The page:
Coca-Cola Falls Flat Tackling Obesity

This past weekend my beloved New England Patriots, a team in the U.S. National Football League, lost in the conference championship game, falling one game short of the Super Bowl. I was devastated and inconsolable, and even as I write this I sadly consider what could have been.

Up until what ultimately became the Patriots’ final game, their season was fantastic. They won 12 out of 16 games and earned the second seed going into the playoffs. But against a motivated Baltimore Ravens team, the wheels came off and the Patriots were handily defeated, at home no less. I wholeheartedly expected the Patriots to at least make the Super Bowl, if not win it. I never expected this. 

I had a similar surprise as I watched Coca-Cola’s two-minute spot addressing the obesity problem, which is often blamed on the soda industry and high-fructose corn syrup. If you haven't seen it, take a look. 


4 Brands Winning Big in Social Media with Surprise and Delight

This past weekend I had the joy of throwing a surprise birthday party for my wife. And by joy I mean massive amounts of stress and that sick feeling in my stomach I get when I have to withhold the truth from my wife (which is infrequent, I swear!).

After I took her out for lunch and a spa treatment, we returned to the house, where the guests were huddling in the rear hallway. When we pulled into the driveway, my wife noticed that one of the trash barrels had been moved to the side porch (to make it easier to clean up after the party). Even though I begged her to take care of it later, she had to put the barrel back in its place. This would mean we’d enter from the side door, not the front door, as had been intended.


Food Truck Culture: Is There Room for National Chains?

Food truck fanatics, hold on to your tongues: Fast-food giants from Sizzler to Taco Bell to Jack in the Box to Applebee’s have fully functional food trucks parading down streets across America. Some just hope to capitalize on the current food truck trend, while others predate it. Should supporters of what some might call authentic food truck culture—the kind incubated in Portland, Oregon; Los Angeles; and other cities—be worried about these flirtations by the big-timers they already vie with every lunch hour?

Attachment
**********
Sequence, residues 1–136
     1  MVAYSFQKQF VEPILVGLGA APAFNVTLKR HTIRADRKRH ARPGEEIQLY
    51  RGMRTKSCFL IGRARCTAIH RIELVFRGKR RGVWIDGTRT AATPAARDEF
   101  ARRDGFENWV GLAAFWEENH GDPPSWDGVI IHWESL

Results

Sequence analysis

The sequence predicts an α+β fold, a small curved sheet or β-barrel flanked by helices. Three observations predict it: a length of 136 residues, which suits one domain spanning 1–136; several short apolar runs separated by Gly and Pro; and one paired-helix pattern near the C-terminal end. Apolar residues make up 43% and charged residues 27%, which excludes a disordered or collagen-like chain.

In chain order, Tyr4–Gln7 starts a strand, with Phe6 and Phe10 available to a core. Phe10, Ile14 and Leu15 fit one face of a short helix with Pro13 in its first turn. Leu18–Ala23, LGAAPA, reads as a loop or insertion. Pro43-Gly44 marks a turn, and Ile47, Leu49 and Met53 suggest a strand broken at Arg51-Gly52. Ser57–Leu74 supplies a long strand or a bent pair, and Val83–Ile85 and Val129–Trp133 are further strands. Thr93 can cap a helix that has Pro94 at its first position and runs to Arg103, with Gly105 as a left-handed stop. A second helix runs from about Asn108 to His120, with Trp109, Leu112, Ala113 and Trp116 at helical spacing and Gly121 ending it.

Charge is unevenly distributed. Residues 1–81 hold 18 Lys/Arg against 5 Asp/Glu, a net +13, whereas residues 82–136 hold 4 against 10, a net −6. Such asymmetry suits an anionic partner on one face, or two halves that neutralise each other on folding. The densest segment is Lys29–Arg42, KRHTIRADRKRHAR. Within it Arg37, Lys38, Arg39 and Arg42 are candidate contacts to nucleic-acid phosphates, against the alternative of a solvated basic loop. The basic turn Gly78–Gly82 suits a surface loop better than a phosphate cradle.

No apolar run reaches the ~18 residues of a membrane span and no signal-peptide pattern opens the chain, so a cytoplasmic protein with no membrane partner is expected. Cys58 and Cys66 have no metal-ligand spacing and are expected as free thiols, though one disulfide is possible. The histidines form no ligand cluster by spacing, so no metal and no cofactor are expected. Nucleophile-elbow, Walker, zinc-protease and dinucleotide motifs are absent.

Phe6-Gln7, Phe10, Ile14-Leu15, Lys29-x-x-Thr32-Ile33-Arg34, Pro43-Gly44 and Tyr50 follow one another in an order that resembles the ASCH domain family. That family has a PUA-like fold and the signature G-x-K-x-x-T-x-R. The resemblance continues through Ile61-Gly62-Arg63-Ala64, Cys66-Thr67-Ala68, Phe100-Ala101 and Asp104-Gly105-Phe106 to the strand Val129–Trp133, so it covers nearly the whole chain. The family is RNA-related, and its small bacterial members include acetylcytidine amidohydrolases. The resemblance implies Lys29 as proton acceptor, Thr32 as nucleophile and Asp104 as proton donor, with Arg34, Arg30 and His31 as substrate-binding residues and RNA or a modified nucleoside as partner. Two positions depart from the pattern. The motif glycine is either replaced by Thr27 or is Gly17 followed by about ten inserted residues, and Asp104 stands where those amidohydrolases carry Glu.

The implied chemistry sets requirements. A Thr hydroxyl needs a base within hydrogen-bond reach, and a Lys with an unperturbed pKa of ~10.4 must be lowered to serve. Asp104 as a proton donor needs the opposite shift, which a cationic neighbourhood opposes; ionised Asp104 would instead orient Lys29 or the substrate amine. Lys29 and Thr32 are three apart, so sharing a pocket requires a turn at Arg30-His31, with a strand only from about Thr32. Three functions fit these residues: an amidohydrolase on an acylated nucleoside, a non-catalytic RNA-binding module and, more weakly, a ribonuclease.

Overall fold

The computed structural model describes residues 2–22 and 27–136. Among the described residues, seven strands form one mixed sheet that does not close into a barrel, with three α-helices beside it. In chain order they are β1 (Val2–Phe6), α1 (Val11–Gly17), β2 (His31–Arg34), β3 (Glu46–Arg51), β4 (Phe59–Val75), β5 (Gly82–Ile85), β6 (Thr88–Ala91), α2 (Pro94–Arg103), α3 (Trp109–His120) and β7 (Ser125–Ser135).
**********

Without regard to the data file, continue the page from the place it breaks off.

An increasing number of quick-service restaurants are looking at the medium as more than just an agile promotional vehicle for products and locations—a view that could spell trouble for independents. 

But, instead of being considered a threat to the carefully cultivated culture’s longevity, could the increased presence of national brands (as documented by AdWeek) just be a harmless, but telling, aftereffect of a new marketing approach’s success?

One thing’s for sure: The wild success of certain food trucks is no fluke; it’s in no small part due to a breaking from the marketing conventions of larger chains in favor of a nimble, post-ad-approved approach. Mobile or brick-and-mortar, there’s plenty for businesses small and large to learn.


Taco Bell Harnesses Social Media to Squash Customer Beef

Few are naive enough to think that Taco Bell is authentic Mexican cuisine. But diners were recently surprised to discover that the restaurant chain's “seasoned beef” actually consists of only 35% beef, technically classifying it as something known as “taco meat filling.” Not sure what that means? No one is. In response to the massive social media outcry stirred up by the class-action lawsuit that brought the disqualified beef to light, Taco Bell started to “think outside the bun” itself, actually giving away the secret recipe. Bon appétit!

Flipping Out Over Pancake Day

Who doesn’t love free food? Brands like Taco Bell, 7-11, and Einstein Bros. have all created fake holidays to hawk free products. IHOP has also devoted a day to its signature dish for the past five years (National Pancake Day, February 25th), it’s partnered with Children’s Miracle Network to be more than a stunt: it’s a reason for celebration.